The History of Rock Music: 1995-2001

Drum'n'bass, trip-hop, glitch music
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(Copyright © 2009 Piero Scaruffi)

Violence


(These are excerpts from my book "A History of Rock and Dance Music")

Garages, 1995-2000

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The revival of garage-rock continued unabated throughout the decade with decadent acts such as Georgia's Nashville Pussy , whose Let Them Eat Pussy (1998) harked back to Cramps' porno-billy.

Ohio's Thomas Jefferson Slave Apartments (1), led by Great Plains vocalist Ron House and guitarist Bob Petric, delivered a concentrate of Cramps, Stooges and Ramones on Bait And Switch (1995) and especially Straight To Video (1997).

New York's Mooney Suzuki played old-fashioned high-adrenalin garage-rock on People Get Ready (2000).

Both the hippies' philosophy and sound reincarnated in a bizarre San Francisco project, Anton Newcombe's Brian Jonestown Massacre (2). Despite the clumsy recording quality and the amateurish stance, Methodrone (1995) and Their Satanic Majesties' Second Request (1996) were monumental encyclopedias of psychedelic music, from the Jefferson Airplane to Hawkwind, from the Rolling Stones to the Velvet Underground. Subsequent albums alternated between superbly derivative, such as Take It From The Man (1996) and Give It Back (1997), majestically musical, such as Thank God For Mental Illness (1996), arranged with a wealth of instruments, and dreamy/melancholy, such as Strung Out In Heaven (1998). Newcombe mostly followed in the footsteps of deranged street folksingers like David Peel, but his naive folly could also explode in noise collages.

Inspired by the depravity of the Stooges and the New York Dolls, Seattle's Murder City Devils (1) added the screams of vocalist Spencer Moody and the gothic overtones of an organ to the mayhem of Empty Bottles Broken Hearts (1998).

A more personal and intimate take on garage-rock was offered by Seattle's Love As Laughter, fronted by Lync's Sam Jayne, whose fusion of Royal Trux's artsy retro-rock, irregular post-rock structures and Jim Morrison-ian histrionics peaked on third album Sea To Shining Sea (2001).

The punk approach to the blues and to soul music was refined by Washington's Delta 72 (1), whose The R&B Of Membership (1996) and particularly Soul Of A New Machine (1997) were derailed by Sarah Stolfa's organ and Gregg Foreman's primordial howl. Their conceptual revisitation of black music eventually led to imitate the Rolling Stones circa Exile On Main Street on the more professional 000 (2000).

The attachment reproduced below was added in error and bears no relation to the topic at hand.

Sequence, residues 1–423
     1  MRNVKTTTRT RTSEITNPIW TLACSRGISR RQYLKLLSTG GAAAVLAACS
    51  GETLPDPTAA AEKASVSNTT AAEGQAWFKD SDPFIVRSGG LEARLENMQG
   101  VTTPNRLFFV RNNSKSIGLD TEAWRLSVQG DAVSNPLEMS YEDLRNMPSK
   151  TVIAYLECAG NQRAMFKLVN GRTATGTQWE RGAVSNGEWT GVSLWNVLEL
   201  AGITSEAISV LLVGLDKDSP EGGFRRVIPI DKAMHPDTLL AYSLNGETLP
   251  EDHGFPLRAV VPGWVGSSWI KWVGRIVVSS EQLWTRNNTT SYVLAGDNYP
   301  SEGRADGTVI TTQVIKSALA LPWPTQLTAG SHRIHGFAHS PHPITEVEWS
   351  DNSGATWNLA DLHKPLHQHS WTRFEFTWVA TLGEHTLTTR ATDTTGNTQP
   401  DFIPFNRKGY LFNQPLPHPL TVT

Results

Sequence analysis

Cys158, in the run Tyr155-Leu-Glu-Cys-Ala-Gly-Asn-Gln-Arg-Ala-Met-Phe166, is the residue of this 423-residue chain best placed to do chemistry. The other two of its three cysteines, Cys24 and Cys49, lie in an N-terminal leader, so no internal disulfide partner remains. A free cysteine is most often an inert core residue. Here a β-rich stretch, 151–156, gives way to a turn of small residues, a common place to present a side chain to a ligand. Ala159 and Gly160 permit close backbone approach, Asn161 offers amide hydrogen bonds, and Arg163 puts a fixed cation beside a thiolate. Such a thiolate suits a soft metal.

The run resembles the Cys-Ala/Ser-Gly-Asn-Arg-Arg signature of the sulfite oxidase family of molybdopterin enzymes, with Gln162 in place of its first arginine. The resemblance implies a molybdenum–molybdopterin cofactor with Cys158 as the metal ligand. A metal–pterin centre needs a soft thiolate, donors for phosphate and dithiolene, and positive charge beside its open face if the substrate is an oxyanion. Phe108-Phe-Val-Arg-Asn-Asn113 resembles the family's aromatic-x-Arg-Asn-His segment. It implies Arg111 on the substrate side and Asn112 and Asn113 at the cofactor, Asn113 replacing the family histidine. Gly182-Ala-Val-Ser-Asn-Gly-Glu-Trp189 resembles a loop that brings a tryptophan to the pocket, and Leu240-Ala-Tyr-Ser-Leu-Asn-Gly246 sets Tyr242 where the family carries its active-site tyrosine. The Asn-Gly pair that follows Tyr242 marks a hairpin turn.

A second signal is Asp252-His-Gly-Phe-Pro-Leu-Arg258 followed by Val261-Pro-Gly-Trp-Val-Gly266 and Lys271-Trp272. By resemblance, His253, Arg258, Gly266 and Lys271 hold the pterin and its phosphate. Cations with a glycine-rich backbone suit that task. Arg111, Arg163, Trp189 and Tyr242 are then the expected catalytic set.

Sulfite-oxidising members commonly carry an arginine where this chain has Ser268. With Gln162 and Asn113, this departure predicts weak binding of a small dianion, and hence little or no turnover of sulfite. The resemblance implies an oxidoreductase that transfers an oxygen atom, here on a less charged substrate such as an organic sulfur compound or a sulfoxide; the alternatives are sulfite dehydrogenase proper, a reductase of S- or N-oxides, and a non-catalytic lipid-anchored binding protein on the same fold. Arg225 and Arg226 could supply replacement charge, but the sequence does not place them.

New Jersey's Danielson Famile (2) reinvented Christian music in the form of gospel hymns with an off-kilter instrumental backing and frantic harmonies worthy of the Holy Modal Rounders and David Peel on A Prayer For Every Hour (1995), a program of 24 songs, one for each hour of the day, the manic Tell Another Joke At The Ol' Choppin' Block (1997), and Tri-Danielson!!! (1999), a quirky philosophical concept.

Louisiana's one-man band Quintron devised the demented and largely improvised percussive experiment Internet Feedback 001-011 (1996). The mini-album Satan Is Dead (1998), replete with nostalgic overtones and dance beats, added a new dimension to the genius of this musical clown.

Texas' Sixteen Deluxe (1) practiced the psychedelic pop tune on Backfeed Magnetbabe (1995).

Texas' Sincola unleashed the post-feminist rants of What The Nothinghead Said (1995).

Oregon's most hyped band of the 1990s, the Dandy Warhols (1) managed to fuse Brit-pop and the Velvet Underground on Dandys Rule OK (1995), but then sold out to generic power-pop with Come Down (1997) and Thirteen Tales From Urban Bohemia (2000).

The Deadly Snakes, a sextet from Toronto with guitar, keyboards and horns, played rowdy epileptic soul-tinged garage-rock reminiscent of Fleshtones, J Geils Band and New York Dolls on Love Undone (1999).

In Britain, Kula Shaker penned the derivative but exuberant K (1996).

Comet Gain resurrected the neo-mod sound of the Wildhearts with a more hysterical attitude, especially on Tigertow Pictures (1999).

The Heads concocted Relaxing With (1996), a demented soup of Stooges, MC5 and Blue Cheer.

Scotland's Long Fin Killie updated Pentangle's folk-rock to the age of trip-hop and post-rock on Houdini (1995).

During the 1990s, the single most impressive concentration of garage-rock bands was perhaps in Scandinavia. Hanoi Rocks had led the way, and, one decade later, a number of Scandinavian bands followed their lead.

MC5, Motorhead and New York Dolls were the role models for Sweden's Hellacopters (1), who delivered the impressive punch of Supershitty To The Max (1996) and Payin' The Dues (1997), and for Norway's Gluecifer, who stormed through a program of acrobatic rock'n'roll numbers on the mini-album Dick Disguised As Pussy (1996).

The Hives (1) opted for anthemic overtones on the mini-album Barely Legal (1997) and especially the album Veni Vidi Vicious (2000).

Santa Cruz-based Comets On Fire (3), featuring vocalist/guitarist Ethan Miller and keyboardist Noel Harmonson, played acid-rock with a punk vengeance on Comets on Fire (2000), one of the most intense albums of distorted and anthemic rock'n'roll since MC5. Loud, fast, apocalyptic waves of guitar distortions and gigantic rhythm shake Field Recordings From the Sun (2002). Adding Ben Chasny of the Six Organs of Admittance, Blue Cathedral (2004) lent intellectual depth to the most primal, barbaric emotional bursts. Their most effective weapon was the sheer density and frenzy of their playing.